Moms and Mood Swings
Dad beware! If you thought that your partner's PMS was difficult to deal with, then you'd better brace yourself for the wrath of PPMS (Post-Partum Mood Swings). Affecting three out of four new moms, Post Partum Mood Swings (PPMS) condition is often referred to as the Post-Partum Blues or Baby Blues. This condition affects your partner's moods and can also result in more serious conditions such as post-partum depression.
Keep in mind that much of this behavior is beyond her control. Right after the birth, her hormone levels are playing havoc with her brain chemistry. So be understanding and give your partner a shoulder to cry on when she needs one.
PPMS can last anywhere from a couple of days to a month or more. It can be really tough on a dad, especially since you're trying to adjust to the baby as well.
Employing these four policies will make things easier on both of you:
Policy #1: Ears Open, Mouth Closed
Guys tend to be fixers by nature. You see a problem, and you find the solution. Of course it's logical, but in this case it may backfire. Your partner may need comfort, not a ten-point plan of action.
Policy #2: Strike It from the Record
Remember that the hormonal changes your partner is experiencing are normal and that therefore her moods are out of her control. Don't take any negative things she might say about you (i.e. crticizing you for not tidying up just right) personally; she doesn't mean it.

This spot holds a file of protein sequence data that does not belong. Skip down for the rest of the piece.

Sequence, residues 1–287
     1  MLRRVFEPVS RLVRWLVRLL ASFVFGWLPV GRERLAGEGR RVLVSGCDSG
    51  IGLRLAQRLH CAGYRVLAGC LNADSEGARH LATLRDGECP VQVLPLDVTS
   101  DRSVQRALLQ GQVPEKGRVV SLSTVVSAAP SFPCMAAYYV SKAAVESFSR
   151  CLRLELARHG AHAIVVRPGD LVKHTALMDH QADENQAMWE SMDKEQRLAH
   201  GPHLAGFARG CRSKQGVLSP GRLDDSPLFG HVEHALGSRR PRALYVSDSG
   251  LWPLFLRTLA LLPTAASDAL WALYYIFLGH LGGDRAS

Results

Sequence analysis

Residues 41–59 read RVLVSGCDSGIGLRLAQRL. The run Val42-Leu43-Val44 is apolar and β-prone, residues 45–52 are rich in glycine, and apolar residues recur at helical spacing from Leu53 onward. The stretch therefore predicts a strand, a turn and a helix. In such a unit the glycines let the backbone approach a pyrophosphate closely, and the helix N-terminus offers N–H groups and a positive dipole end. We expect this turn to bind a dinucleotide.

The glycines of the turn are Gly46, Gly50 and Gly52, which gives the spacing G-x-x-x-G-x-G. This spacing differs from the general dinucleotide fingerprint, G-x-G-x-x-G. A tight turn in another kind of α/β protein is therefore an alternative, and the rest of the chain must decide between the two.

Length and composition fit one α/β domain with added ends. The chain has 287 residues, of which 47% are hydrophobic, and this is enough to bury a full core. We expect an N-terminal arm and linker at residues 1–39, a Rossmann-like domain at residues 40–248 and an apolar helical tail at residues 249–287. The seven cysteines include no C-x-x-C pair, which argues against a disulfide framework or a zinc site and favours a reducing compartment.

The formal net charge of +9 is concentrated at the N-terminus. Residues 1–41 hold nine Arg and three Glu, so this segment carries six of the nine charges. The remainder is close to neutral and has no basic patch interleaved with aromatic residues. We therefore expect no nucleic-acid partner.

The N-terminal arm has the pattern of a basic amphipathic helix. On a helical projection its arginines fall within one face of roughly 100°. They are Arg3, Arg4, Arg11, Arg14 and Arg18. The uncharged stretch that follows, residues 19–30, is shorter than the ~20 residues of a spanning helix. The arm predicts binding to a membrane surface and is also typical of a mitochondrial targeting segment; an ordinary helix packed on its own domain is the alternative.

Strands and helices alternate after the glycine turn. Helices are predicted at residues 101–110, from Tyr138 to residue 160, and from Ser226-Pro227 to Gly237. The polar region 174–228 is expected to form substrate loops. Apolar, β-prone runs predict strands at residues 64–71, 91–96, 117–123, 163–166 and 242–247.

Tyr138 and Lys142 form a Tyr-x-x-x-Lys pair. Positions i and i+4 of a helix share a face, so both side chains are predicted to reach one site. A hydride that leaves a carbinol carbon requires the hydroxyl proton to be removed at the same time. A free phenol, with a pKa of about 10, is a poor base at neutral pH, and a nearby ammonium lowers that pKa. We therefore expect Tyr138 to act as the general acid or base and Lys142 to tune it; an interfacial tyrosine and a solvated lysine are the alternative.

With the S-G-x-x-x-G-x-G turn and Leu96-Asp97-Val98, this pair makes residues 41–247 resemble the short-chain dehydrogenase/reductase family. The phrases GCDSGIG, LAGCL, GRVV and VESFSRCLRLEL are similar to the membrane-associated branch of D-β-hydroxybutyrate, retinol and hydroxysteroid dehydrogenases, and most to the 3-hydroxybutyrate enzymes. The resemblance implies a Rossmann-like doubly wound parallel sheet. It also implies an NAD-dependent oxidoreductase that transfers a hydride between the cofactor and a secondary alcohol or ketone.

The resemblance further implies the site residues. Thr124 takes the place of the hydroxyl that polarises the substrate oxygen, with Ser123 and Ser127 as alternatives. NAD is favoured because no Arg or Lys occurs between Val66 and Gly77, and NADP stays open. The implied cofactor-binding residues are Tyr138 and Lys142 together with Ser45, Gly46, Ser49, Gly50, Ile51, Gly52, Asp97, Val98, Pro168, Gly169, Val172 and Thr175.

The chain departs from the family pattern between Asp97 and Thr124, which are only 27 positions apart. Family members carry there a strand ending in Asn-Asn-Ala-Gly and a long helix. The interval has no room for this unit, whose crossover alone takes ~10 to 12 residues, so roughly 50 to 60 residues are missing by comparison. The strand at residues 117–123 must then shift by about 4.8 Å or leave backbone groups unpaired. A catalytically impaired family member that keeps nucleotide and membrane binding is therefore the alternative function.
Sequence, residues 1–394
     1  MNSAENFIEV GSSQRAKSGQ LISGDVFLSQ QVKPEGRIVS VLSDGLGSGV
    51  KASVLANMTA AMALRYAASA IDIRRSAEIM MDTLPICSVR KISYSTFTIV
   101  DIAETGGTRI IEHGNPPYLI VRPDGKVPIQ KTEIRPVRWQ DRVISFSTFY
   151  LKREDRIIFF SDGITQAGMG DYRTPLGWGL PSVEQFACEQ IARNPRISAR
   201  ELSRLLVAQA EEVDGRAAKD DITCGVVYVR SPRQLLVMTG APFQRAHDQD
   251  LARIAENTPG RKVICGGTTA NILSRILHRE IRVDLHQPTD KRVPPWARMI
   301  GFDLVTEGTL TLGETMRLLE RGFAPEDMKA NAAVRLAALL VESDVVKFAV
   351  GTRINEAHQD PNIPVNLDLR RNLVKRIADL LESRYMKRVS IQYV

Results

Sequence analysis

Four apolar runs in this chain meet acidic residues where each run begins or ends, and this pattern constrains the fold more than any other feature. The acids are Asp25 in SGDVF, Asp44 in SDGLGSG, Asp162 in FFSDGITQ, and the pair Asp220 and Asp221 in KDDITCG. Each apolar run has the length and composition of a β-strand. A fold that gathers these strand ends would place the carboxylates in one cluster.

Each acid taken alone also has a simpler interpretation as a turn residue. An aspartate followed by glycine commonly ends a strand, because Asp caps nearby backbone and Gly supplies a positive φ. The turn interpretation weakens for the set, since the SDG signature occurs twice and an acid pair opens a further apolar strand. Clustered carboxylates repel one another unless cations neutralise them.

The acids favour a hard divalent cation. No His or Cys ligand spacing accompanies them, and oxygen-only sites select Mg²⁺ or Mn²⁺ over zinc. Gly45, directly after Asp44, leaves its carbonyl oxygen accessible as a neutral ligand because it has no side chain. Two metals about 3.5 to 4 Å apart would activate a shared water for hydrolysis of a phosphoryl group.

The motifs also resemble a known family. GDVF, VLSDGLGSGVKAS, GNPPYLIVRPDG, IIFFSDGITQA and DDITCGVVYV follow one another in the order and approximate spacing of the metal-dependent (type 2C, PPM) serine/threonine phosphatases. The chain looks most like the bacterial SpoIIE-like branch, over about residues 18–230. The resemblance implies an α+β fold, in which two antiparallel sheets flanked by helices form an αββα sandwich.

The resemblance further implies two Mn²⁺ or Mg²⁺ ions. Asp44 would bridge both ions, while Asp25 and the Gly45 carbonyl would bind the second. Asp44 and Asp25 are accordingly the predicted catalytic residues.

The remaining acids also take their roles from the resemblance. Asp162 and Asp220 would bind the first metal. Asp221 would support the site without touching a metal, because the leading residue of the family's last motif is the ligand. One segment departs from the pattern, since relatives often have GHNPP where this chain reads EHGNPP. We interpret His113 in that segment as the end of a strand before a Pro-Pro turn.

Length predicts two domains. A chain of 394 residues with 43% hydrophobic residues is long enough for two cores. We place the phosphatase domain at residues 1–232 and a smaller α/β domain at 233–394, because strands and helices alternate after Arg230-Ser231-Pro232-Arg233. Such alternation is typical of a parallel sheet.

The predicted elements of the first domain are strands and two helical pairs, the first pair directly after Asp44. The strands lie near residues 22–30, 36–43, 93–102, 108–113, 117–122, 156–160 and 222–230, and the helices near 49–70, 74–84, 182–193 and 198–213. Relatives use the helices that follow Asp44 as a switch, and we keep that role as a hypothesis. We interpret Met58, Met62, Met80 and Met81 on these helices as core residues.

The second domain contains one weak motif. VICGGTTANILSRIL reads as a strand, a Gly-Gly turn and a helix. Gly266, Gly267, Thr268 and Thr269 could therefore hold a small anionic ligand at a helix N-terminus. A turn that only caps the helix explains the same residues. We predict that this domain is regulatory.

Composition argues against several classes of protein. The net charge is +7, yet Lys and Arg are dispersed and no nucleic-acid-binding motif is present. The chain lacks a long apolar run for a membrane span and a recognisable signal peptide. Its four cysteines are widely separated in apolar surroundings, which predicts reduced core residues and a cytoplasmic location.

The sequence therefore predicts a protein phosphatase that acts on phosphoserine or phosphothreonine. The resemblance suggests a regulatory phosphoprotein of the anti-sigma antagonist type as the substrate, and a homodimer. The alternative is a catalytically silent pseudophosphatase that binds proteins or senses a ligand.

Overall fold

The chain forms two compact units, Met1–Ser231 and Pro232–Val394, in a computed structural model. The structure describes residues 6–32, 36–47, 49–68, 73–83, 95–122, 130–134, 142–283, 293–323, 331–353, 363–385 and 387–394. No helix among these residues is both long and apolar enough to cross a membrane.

Policy #3: Be an Army of One
Don't expect much from your partner these first weeks; remember, she just gave birth and is going through many emotional and physical changes. You may need to do everything short of breastfeeding, so be prepared to carry the load. Enlist the help of relatives and order plenty of take-out.
Policy #4: Take Her Out
Isolation is a big contributor to PPMS, so the sooner she gets a change of scenery, the quicker she may come around. Remember that newborns are very portable, so grab her and the baby and take a stroll around the block. The exercise will help release endorphins that can lighten her mood.
This condition is far more serious than PPMS and affects about 10% of new moms. If your partner's emotional state is seriously impeding her ability to function, or her symptoms last longer than a month, suggest that she consult her obstetrician. If she resists, you can bring up the fact that her condition is very treatable, and that every day she waits is one less day she'll be able to enjoy the tot.
From BE PREPARED by Gary Greenberg and Jeannie Haydn. Copyright Ó 2004 by Gary Greenberg and Jeannie Haydn. Reprinted by permission of Simon & Schuster, Inc.